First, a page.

Any Trekkie knows the odd-even rule, and if you don't . . . consider that the very best of the film series is undeniably The Wrath of Khan (number 2 of the series) and the absolute nadir is Star Trek V: The Final Frontier—which forever should prevent William Shatner from ever directing another Star Trek movie. The same pattern generally holds form throughout the large screen projects, with the stronger and more entertaining enterprises being the even numbered ones. So anticipation was high when the sixth and possibly final voyage of the original cast was announced, especially considering that Nicolas Meyer would helm the director's chair once again, following two even numbered stints there. Thus, a fortuitous walk on the beach with Leonard Nimoy pitching his idea of paralleling current events in the Soviet Union for a new movie, Meyer signed on to direct Star Trek VI: The Undiscovered Country (which incidentally was the original title he had in mind for Star Trek II).
Although this sixth venture entertains and has a number of interesting comments on contemporary human affairs, it largely fizzles by too closely parodying world events and by scripting an ending that Kirk can basically sleepwalk through despite his final Federation preserving leap of faith. Of course it's always great to see the old crew in any tolerable vehicle, and this serves as redemption for an ill advised trip to touch the face of God in the previous chapter.
In one sense The Undiscovered Country holds up as a mirror for the end of the Cold War, with the Klingons representing the Evil Empire of the Soviet Union. With their mysterious culture and guttural language, the uncommunicative Klingons have isolated themselves behind the Neutral Zone for years and threatened war every time a Federation ship ventured into their space. With a huge nuclear blast destroying the Klingon empire's main mining facility on Praxis, the film blasts off with a direct reference to Chernobyl. Like the Russians initially, the Klingons claim that they don't need any help over this incident, but Spock knows differently, reporting that the Federation stands on the verge of a new era of peace. Likely through his ambassador father Sarek, Spock has taken initial diplomatic communications with Klingon leadership. The Klingons simply can no longer maintain a war economy, so it is in their best self-interest to negotiate a lasting peace. Essentially, the Klingons are prepared to take down their own version of the Berlin Wall in outer space.
In another naked reference to current events, Klingon Chancellor Gorkon (a Gorbachev-like leader played by veteran British character actor David Warner) leads the peace-seeking delegation. To further his stature, Meyer models Gorkon's appearance on Abe Lincoln and gives him lines worthy of a peacemaker, as he addresses Kirk: "You don't trust me, do you? I don't blame you. If there is to be a brave new world, our generation is going to have the hardest time living in it."
Kirk is selected to be the Federation emissary for peace, naturally—not so much for his diplomatic skills, but because he has the biggest reason to hate the Klingons since they killed his son. As Spock relates, "Only Nixon could go to China." However, Kirk's fears of trusting the Klingons start to fade when compared to others on both sides of the Neutral Zone who predictably do all they can to sabotage the peace movement—to the point of assassinating key leaders. Historical parallels are plentiful—from Lincoln, to Gandhi, to Sadat, to Rabin. Even Gorbachev disappeared mysteriously for a few months while the film was being made.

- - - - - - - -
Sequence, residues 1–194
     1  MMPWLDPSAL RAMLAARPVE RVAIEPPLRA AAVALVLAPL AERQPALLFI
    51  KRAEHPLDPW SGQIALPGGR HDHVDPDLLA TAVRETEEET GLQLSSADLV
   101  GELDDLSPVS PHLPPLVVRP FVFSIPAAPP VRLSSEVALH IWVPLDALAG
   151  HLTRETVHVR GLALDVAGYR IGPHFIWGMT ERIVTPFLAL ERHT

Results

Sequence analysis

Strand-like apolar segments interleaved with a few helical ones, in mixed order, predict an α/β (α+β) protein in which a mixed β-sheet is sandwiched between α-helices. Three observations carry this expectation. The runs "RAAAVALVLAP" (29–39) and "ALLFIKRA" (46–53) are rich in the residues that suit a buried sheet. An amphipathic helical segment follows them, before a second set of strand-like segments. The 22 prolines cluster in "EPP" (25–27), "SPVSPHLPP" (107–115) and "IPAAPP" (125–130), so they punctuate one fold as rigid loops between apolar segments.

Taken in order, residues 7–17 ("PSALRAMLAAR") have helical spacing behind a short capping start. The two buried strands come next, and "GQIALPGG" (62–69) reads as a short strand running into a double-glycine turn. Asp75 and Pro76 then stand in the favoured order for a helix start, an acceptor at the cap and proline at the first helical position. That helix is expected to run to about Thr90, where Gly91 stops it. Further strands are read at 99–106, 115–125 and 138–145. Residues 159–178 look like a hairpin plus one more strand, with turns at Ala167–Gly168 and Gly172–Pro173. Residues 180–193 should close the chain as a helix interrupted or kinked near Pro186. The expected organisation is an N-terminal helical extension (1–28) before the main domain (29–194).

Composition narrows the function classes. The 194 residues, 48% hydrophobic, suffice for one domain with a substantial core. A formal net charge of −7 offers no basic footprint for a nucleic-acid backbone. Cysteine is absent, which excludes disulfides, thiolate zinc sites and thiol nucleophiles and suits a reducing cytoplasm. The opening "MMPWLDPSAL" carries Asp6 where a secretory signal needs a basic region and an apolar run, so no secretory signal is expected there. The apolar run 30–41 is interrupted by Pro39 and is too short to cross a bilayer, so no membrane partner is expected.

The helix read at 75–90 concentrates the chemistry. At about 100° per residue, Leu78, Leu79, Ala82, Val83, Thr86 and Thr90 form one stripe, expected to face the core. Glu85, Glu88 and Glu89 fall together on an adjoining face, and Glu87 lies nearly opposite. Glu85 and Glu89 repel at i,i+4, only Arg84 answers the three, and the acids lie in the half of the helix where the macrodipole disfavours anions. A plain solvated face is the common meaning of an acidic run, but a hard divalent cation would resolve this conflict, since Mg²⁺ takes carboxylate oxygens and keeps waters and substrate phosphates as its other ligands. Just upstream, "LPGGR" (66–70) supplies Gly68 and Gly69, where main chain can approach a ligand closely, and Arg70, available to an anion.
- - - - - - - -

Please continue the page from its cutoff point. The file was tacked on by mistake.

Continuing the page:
While identifying the simple historical references make welcome fodder for secondary students and teachers seeking made to order assignments, the real fun of the film comes from some of the cultural references and the characters themselves. One highlight comes at the blue-hued dinner meeting from Hell, where the original crew awkwardly meets a Klingon delegation—inadvertently making racist humanoid references, denying their patronizing attitudes, and becoming grossed out by Klingon table manners. Cutting remarks are plentiful with a more subdued Kirk relying more on quiet double entendre, and leaving the over the top histrionics to villainous Klingon General Chang (Christopher Plummer), who is overly fond of quoting Shakespeare. As they say, you've not heard Shakespeare until you've heard it in the original Klingon!
Shatner once again tempers his traditional hambone theatrics under Meyer, who had literally worn him out with numerous takes in The Wrath of Khan. Shatner's restraint here plays well in his drafted peacemaker role, as he must to stifle his automatic response of protecting the lives of his crew and think of the larger Universal picture when the Enterprise may have mistakenly fired torpedoes at the Chancellor's ship. A submissive Shatner sounds like a contradiction in terms, but he carries it off well. Meyer grants Shatner a chance to ham it up later in a wrestling match with himself, not realizing that Shatner had already done such a good Kirk vs. bad Kirk match up in "The Enemy Within." So this scene will be more fun for those not as familiar with the original television series.
Meyer tries to re-create as much of the Wrath of Khan formula as he can, but his attempts to weave relevant historical-sociological overtones will only be of passing interest in future years—a curiosity not unlike one of Spock's frequent computer searches into Earth's historical past. The patterns of peacemakers and their enemies have become so well-known, that the small quirks here just don't make for real compelling drama. The Undiscovered Country remains fairly entertaining (especially on the heels of the unfortunate Shatner-directed fifth film), but the final voyage of the original crew ends more like an epilogue than with a resounding final fanfare.